Preparation of SMEDDS: From the ternary phase diagram ratio of surfactant to co-surfactant (Km) was optimized. Then by varying ratio of oil to Smix, different formulations were prepared with and without drug. Formulations were prepared by preparing optimized ratio of smix first, for this surfactant and co-surfactant were accurately weighed and then vortexed for 5-10 min. After that smix was placed in oven at 500C for 1 h. Oil with different ratio was added to smix (oil:smix, 2:8, 2.5:7.5, 3:7, 3.5:6.5, 4:6, 4.5:5.5, 5:5, 5.5:4.5, 6:4 etc) then these formulations were vortexed for 5-10 min and placed in oven at 500C for 1 h so that an isotropic mixture was formed. Drug was loaded to these isotropic formulations at the end and vortexed by vortex shaker until clear solution was obtained 26, 34, 59.
Evaluation of SMEDDS:
Determination of Droplet Size/Distribution and Zeta-Potential: Determination of droplet size of SMEDDS is crucial factor for the performance of self-emulsification because the rate and extent of drug release as well as absorption depends on droplet size. Smaller droplet size provides larger interfacial surface area for drug absorption and permits faster release rate. Method use for the determination of droplet size include photon correlation spectroscopy (which analyses fluctuations in light scattering due to Brownian moment of particles) using a zeta sizer able to measure size in range 10-5000nm. This technique can only be employed at relatively low dilutions for accurate droplet size evaluation 2, 17, 18, 60-65.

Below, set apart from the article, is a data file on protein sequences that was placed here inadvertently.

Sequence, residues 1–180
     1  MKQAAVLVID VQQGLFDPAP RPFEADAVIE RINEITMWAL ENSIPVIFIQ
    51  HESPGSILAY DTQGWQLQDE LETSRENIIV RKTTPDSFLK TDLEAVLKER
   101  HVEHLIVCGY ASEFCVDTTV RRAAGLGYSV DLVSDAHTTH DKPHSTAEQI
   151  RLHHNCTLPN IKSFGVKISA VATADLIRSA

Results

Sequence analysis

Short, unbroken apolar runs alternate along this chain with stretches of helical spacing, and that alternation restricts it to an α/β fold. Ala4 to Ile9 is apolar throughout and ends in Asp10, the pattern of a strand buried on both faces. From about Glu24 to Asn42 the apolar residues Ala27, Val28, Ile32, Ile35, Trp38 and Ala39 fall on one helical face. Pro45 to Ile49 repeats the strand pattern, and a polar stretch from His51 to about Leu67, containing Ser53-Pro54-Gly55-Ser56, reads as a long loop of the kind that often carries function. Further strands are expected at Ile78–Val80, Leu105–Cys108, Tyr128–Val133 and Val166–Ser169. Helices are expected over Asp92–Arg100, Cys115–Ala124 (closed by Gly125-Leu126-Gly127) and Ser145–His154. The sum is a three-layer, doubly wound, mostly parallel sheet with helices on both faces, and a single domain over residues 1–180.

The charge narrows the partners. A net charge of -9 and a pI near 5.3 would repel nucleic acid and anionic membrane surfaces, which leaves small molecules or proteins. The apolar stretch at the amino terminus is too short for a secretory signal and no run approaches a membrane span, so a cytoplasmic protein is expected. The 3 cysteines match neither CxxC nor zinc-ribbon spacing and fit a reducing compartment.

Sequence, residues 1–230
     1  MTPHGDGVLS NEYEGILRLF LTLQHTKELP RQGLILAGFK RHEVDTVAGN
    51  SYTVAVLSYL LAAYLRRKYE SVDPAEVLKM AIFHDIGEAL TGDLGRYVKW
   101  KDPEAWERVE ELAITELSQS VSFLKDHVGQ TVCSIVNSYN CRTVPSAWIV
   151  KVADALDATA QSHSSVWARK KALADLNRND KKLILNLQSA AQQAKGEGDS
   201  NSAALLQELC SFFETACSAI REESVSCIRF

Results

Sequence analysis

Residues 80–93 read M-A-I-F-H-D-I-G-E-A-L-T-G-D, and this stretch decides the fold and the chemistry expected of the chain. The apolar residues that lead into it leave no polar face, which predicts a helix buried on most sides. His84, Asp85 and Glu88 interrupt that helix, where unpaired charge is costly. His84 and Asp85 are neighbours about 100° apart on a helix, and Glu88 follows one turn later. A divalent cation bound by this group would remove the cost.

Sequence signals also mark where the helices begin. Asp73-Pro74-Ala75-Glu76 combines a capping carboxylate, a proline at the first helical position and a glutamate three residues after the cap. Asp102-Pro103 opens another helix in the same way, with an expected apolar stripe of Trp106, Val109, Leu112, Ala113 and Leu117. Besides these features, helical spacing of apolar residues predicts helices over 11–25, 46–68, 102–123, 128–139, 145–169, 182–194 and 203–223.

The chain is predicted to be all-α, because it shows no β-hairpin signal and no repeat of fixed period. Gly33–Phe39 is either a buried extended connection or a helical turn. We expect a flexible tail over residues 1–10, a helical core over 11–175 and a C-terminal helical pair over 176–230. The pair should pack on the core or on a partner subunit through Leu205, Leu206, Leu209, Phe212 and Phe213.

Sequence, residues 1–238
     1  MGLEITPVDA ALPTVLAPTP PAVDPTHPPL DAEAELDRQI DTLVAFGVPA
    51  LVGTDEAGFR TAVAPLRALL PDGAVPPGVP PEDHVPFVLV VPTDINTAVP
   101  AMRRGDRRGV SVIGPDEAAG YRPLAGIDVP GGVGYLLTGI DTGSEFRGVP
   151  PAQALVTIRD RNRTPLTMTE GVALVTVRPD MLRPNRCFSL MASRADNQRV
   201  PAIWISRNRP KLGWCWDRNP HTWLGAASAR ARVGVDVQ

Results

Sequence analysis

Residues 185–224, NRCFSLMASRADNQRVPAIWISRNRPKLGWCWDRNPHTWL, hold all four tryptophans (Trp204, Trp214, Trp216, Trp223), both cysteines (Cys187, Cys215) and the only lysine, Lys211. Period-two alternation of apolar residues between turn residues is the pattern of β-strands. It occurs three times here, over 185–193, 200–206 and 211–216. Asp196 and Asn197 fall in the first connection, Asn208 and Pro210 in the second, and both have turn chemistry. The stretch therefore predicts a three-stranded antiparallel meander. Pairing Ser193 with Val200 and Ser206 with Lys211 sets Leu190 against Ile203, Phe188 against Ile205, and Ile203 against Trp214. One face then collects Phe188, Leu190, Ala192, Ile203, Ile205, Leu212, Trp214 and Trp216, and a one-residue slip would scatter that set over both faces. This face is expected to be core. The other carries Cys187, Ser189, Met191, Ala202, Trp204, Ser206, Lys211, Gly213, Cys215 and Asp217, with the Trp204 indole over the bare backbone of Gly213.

Oil droplets possess some charge on their surface due to presence of some groups like conventional SMEDDS is negative due to presence of free fatty acids; however, incorporation of cationic lipids in concentration range 1-3% will yield cationic SMEDDS Thus, such systems have a positive n-potential value of about 35-45 mV. This positive n-potential value is preserved following the incorporation of the drug compounds 65.
Rheological Determination: Viscosity determination is very important as SMEDDS systems are generally administered in either soft or hard gelatin capsules so, for easy to pour in capsules these systems should not be too thick. Brookfield viscometer, rotational viscometer Rheomat 108 can be use for evaluation of rheological properties of microemulsion. This study confirms whether the system is o/w or w/o. It should be performed in triplicate 43, 61